Are Biological Factors Causing Obesity?

Exercise and diet ‘not enough to lose weight’: Doctors should treat obesity as a chronic disease because of biological factors that cause it

  • Dieting triggers biological mechanisms which encourage weight gain
  • Evidence suggests these biological adaptations could persist indefinitely
  • Critics say obese people can lose weight if they are committed enough

Dieting triggers several biological systems that drive us to eat high-calorie foods and gain weight – a hangover from when humans needed to store fat to survive in times of scarcity.

And according to the four experts writing in The Lancet Diabetes and Endocrinology journal, these biological reasons are why obese people often fail to maintain long-term weight loss.

Lead author Dr Christopher Ochner, from the Icahn School of Medicine at Mount Sinai in New York, said lifestyle changes do not appear capable of overriding this fat-loss defence in most patients.

‘Although lifestyle modifications may result in lasting weight loss in overweight individuals, in those with chronic obesity bodyweight seems to become biologically defended,’ he said.

‘Therefore, the current advice to eat less and exercise more may be no more effective for most obese individuals than a recommendation to avoid sharp objects for someone bleeding profusely.’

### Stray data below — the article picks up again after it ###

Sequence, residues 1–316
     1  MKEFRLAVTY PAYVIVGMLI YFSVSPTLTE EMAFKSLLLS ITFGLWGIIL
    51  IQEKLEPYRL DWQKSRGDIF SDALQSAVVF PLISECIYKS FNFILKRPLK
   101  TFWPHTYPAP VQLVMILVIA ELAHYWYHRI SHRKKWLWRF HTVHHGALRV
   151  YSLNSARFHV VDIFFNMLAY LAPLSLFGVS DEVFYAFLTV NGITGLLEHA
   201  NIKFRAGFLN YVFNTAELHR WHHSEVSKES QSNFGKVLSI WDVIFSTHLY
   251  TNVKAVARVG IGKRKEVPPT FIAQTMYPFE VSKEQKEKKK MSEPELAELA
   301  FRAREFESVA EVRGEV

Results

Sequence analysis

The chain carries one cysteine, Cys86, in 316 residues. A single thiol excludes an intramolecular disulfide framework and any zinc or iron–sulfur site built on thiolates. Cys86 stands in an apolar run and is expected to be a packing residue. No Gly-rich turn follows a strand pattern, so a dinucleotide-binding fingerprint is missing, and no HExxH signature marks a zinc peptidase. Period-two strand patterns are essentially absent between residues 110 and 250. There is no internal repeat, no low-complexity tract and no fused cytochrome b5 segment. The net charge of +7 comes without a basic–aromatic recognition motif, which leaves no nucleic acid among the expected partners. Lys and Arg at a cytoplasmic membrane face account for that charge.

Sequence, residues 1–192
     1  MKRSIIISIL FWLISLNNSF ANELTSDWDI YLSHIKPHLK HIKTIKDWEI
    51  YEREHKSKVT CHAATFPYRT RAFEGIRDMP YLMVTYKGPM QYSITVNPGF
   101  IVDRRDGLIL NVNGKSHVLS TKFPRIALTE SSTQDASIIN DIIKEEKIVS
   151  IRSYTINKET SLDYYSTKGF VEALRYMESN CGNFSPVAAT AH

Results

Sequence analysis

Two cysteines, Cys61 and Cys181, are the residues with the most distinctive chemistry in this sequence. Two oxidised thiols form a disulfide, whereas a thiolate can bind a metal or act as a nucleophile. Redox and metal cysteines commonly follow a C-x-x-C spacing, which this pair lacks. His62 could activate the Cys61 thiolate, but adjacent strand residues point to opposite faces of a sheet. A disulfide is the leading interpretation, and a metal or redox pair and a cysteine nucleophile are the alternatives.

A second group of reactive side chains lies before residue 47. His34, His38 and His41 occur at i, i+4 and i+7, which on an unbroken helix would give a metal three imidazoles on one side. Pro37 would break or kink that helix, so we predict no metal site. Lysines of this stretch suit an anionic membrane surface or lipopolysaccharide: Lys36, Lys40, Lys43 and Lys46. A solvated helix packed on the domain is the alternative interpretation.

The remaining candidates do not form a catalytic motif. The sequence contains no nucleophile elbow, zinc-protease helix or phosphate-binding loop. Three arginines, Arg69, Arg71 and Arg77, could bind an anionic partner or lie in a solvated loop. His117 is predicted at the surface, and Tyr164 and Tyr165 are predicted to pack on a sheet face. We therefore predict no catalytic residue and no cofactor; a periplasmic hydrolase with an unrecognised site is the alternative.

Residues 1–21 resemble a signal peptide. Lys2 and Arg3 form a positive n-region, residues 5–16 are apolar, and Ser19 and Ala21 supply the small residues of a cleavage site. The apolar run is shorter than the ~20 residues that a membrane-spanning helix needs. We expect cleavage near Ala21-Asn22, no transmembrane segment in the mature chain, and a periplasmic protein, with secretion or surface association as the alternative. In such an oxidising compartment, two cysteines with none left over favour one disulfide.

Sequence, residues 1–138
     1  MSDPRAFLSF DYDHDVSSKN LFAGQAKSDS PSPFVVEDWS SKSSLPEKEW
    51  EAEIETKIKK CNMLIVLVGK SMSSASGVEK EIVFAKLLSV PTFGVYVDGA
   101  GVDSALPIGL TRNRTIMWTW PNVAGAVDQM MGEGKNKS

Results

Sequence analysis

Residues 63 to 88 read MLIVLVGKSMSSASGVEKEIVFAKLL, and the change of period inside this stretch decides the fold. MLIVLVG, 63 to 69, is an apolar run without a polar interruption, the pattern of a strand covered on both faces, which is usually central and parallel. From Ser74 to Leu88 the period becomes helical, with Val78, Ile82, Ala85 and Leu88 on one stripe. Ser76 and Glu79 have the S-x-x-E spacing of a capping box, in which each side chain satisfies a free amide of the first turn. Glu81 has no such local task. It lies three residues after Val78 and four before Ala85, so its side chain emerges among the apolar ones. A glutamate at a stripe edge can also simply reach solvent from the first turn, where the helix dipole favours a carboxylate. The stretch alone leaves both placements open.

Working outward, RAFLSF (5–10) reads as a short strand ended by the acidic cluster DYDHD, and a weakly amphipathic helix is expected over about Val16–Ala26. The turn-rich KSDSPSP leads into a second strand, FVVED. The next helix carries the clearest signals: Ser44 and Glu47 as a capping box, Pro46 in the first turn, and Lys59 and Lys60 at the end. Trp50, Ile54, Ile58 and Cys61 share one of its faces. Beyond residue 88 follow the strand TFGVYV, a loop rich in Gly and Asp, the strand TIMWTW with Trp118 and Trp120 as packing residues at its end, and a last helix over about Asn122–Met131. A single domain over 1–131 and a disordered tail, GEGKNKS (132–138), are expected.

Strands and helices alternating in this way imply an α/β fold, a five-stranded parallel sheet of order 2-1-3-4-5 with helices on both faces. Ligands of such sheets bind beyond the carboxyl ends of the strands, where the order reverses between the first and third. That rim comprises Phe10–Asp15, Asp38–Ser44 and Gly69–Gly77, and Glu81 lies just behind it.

He said that recent evidence suggests these biological adaptations could persist indefinitely, even if the patient successfully loses weight. 

He added: ‘Few individuals ever truly recover from obesity; rather they suffer from “obesity in remission”. 

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New Research Shows More Genetic Links To Obesity

Obesity treatment experts are taking the first steps toward identifying the specific genes that are contributing to obesity. CBS News reports that the proteins produced by the genes could offer targets for the development of new drugs to fight obesity.

“Although lifestyle modifications may result in lasting weight loss in individuals who are overweight, in those with chronic obesity, body weight seems to become biologically ‘stamped in’ and defended,” Dr. Christopher Ochner, lead author and Assistant Professor of Pediatrics and Psychiatry at the Icahn School of Medicine at Mount Sinai in New York, said in a press statement, as reported by CBS News.

The researchers hope get to the root of the problem by discovering which genes influence where fat is deposited.

According to the CDC, obesity-related conditions include heart disease, stroke, type 2 diabetes and certain types of cancer, some of the leading causes of preventable death.

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